The labor crisis and inflation rates, combined with the fact that many fitness professionals are re-evaluating their worth, have created a chasm between the rates of pay offered by gyms and what you want to make. How can we get closer to a salary you and your employer can agree on?
It might be the gym you’ve worked at for a while or a new facility that’s looking for staff; if you feel connected to their brand, culture, and member experience, it might be worth discussing future earnings that get you closer to the rate of pay you deserve.
Fitness job negotiation tip #1
Step 1: Ask what outcomes or “key performance indicators” will get you to your rate.
In the fitness industry KPIs for instructors, small groups coaches, and personal trainers can include:
- Average number of participants in classes
- Growth in the number of participants
- Average sales of personal training sessions or packages
- Growth in sales of personal training sessions or packages
- Feedback from members/clients
- Renewals or retention of members/clients
Step 2: Ask when you will be assessed based on those KPIs and exactly how they will impact your compensation.
It would normally take a season/session or 3 months to establish a baseline and measure growth.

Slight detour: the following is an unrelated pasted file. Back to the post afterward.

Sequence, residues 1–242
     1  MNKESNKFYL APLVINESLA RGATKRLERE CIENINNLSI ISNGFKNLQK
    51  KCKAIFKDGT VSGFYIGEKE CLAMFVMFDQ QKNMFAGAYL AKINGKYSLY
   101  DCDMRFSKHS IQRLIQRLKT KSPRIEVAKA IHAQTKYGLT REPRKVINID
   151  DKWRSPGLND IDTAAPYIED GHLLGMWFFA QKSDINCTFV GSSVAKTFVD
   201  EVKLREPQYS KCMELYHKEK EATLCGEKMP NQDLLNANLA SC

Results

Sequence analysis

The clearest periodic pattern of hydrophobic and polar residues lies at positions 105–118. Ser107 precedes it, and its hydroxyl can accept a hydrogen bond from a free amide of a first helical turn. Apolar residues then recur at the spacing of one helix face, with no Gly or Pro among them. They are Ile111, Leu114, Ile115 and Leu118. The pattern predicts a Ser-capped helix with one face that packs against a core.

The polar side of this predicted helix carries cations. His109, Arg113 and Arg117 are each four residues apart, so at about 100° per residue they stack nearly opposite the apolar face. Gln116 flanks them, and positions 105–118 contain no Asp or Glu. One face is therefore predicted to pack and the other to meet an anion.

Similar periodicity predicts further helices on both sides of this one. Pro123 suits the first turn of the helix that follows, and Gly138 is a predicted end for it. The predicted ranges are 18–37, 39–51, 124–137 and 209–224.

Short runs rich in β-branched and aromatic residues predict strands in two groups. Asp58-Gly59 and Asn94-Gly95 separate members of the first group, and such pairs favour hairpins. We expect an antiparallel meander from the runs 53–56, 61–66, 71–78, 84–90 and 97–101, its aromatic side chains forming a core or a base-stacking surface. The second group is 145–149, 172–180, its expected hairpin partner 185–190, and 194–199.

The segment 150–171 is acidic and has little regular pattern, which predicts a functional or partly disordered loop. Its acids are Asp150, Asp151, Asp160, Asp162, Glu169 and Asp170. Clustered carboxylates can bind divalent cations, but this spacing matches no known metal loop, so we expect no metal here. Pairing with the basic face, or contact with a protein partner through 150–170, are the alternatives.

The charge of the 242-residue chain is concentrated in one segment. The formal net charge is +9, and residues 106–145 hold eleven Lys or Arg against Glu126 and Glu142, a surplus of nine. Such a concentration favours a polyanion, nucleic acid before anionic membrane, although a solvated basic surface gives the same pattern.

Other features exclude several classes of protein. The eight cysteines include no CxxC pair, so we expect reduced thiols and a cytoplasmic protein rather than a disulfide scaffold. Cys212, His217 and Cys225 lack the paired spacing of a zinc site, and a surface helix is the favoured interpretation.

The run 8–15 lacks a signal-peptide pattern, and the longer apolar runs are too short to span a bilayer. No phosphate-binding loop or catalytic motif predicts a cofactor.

Step 3: Decide if the wait is worthwhile and if you’re engaged in hitting those goals.
If the other renumeration aspects make the wait worthwhile and you’re up for the challenge of meeting those KPIs, it’s probably worth your energy. Make sure to write down the evaluation date and take ownership of the process!
However, if you decide that your value is much higher than the starting rate and you’re not confident you can perform based on their indicators, it’s probably not a good fit.
A key part of salary negotiation is having a clear understanding of your value and how your unique skills and abilities will support your employers’ goals. Don’t assume they’ll be clear on theirs; they may or may not be great entrepreneurs or comfortable with the HR side of leadership. Just like in all relationships, the employment one requires both parties to put in some work for it to keep growing. Let’s keep getting better at building this soft yet critical skill.
Need to hear this message? Watch this short video clip to learn more about negotiating.